The three editions of Zwischenlandschaften address different themes as the artists investigate unique social, historical and cultural moments throughout the projects. Not only do the artists travel through different geographical landscapes, such as Switzerland and the U.S., but different temporalities too using art and artistic interventions as tools to reactivate the past bringing it back to the present moment. All Zwischenlandschaften share the intrinsic quality of revealing past happenings, forgotten memories, that will later be used by the artists to intervene onto different fragments, landscapes of our present reality.
Nabuurs&VanDoorn magically take us back to the past engaging the viewer in the process of discovering and making visible those timeless connections with the moment we live in and the surrounding environment. At first, the duo thoroughly investigates former times, diving into different forms of documentation tied to the specific locations they find themselves in.
The artists’ starting point is at first their will to learn and discover what happened in a specific historical moment, one that somehow has influenced the art world, as seen in edition I and III, or the socio-cultural context in which Nabuurs&VanDoorn live, as seen in Zwischenlandschaften II. This approach of discovery and revealing is what the three series share in methodology. The artists act as a vessel taking us on a journey through different temporalities: present, past and future; as well as through spaces: being physical or liminal, real or in our minds.
The project took off with Zwischenlandschaften I (2016-2017) with Nabuurs&VanDoorn emailing and interviewing artists who participated in the ‘Open-Art-System’ of Furk’art, the hotel in the Furka Pass in Switzerland bought in 1978 by gallerist Marc Hostettler and later transformed into a residency for artists. Nabuurs&VanDoorn used their emails with former residents as the basis for the work Distorted Dialogues (2016). This work exists out of other components: Sparkles of What’s Missing (2016) and the video Zwischenlandschaften I in which the artists poetically recount their journey combining a voice over and imageries. The project ends with the performance Game Piece I, made for Documenta 14 in Kassel, where the artists allow viewers to use the digitized Distorted Dialogues, namely CorrespondAnce (2017), to collectively superimpose them onto the German urban landscape.
Distorted Dialogues (2016) consists of fifty-six manipulated emails and correspondences the artists had with the residents of the Swiss hotel, such as: “Because the landscape was so beautiful it was difficult to compete with. So I wanted to make something that was hidden in plain sight”, an extract from the conversation with artist Alix Lambert. Interestingly, these dialogues are isolated sentences taken out of their original context and conversation. These words act as a monument, an anchor to the past. They highlight forgotten memories that become timeless as they offer themselves to the artists’ creative process. The extracts from the exchange the duo had with the residents of the Swiss hotel, embodied in Distorted Dialogues and later digitized in CorrespondAnce, never alter their meaning with the passage of time.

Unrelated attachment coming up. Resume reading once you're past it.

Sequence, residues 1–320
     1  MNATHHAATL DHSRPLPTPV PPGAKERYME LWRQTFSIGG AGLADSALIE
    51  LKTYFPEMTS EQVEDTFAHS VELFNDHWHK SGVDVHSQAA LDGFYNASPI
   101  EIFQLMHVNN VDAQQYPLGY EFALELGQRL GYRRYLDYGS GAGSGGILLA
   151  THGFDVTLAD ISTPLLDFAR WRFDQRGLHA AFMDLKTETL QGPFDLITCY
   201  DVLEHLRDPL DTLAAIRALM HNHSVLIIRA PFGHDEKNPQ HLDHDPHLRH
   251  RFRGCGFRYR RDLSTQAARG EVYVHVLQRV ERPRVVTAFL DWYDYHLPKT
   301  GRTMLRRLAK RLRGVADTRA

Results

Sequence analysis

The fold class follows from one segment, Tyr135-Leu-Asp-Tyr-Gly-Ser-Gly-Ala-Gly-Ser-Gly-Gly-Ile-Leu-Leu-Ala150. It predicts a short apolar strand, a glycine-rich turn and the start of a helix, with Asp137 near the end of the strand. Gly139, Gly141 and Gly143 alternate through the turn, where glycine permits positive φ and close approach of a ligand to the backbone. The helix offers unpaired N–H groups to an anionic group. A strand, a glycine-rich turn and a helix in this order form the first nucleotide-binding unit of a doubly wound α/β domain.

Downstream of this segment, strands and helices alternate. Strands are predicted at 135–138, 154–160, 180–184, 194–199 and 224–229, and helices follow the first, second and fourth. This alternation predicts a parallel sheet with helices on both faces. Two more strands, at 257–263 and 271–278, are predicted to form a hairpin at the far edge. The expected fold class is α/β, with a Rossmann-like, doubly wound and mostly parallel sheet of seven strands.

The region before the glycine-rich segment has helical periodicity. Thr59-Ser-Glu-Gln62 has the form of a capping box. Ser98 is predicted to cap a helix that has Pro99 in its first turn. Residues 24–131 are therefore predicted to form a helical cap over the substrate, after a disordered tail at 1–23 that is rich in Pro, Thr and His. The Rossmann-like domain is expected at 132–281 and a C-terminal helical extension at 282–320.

Without further manipulations, the quotes offer themselves to be used in different environments and times as they represent a reminiscence of a long-gone past that magically speaks to back then as to now, resisting time passing. The duo takes us through a magical and mysterious journey through time by revealing and reusing forgotten or never-before realized memories in the present moment. Using the monuments discovered in the first stage of the research and superimposing them onto present sceneries, Nabuur&VanDoorn recontextualize the findings connecting them to today’s realities and future possibilities. Distorted Dialogues intervenes in the present as the emails are projected onto specific locations of the now abandoned Furk’art residency, captured in the photographic series Sparkles of What’s Missing (2016). Moreover, the same emails will later be used as part of the performance Game Piece I created for Documenta 14 in Kassel. The superimposition of the past onto other temporalities and urban sceneries creates new artistic landscapes that influence the viewers’ own perception of the past, present and future.
Zwischenlandschaften II investigates the forgotten archives of the Dutch woodwork factory Picus based in Eindhoven. Similarly to the first edition, here too one component of the project, namely 1TroPicus (2017), displays photographic images taken from the Picus’ archival documents, architectural plans, correspondence etc. used by the artists, once again, as monuments that highlight forgotten or never realised projects intertwined with the cultural landscape of the Dutch city. The discoveries found in the Picus’ archives take us back to a forgotten past of which is reactivated in front of our eyes as we walk through the highlighted extracts of 1Tropicus. These timeless monuments, as they magically connect us to the past while keeping us aware of the present, are tools the duo uses to create an ensemble of different components and minimal interventions. 16 Circumferences of Feedback (2017) captures digitized extracts from 1Tropicus projected onto different areas of the now abandoned factory. Interestingly, while investigating Eindhoven’s famous woodwork facility, Nabuurs&VanDoorn come across Picus’ engagement with the construction of prefabricated houses for the American organization, Freeland League, which in 1946 was negotiating the resettlement of Jewish and Eastern European refugees in Suriname, part of the Dutch colonies until 1954.
By using archival materials, the duo takes the viewer through the mysteries of the Dutch factory connecting the local discoveries to more global issues related to the present, placing them in the current discussion on migration, decolonization and refugee crisis. For instance, the matchstick installation The PICUS Villa (2014), which represents the house in the Swiss Monte Verità where a matriarchal colony resided, allows the viewer to question the different shapes a colony can take: on the one hand the wooden prefabricated houses Picus was aiming at building in Suriname highlight the ignored colonial past of the Netherlands; on the other hand The PICUS Villa shows a more privileged ideal colony. All these discoveries are summed up in the video Zwischenlandschaften II where a voice over poetically drives us through the different landscapes the artists have travelled while producing the project.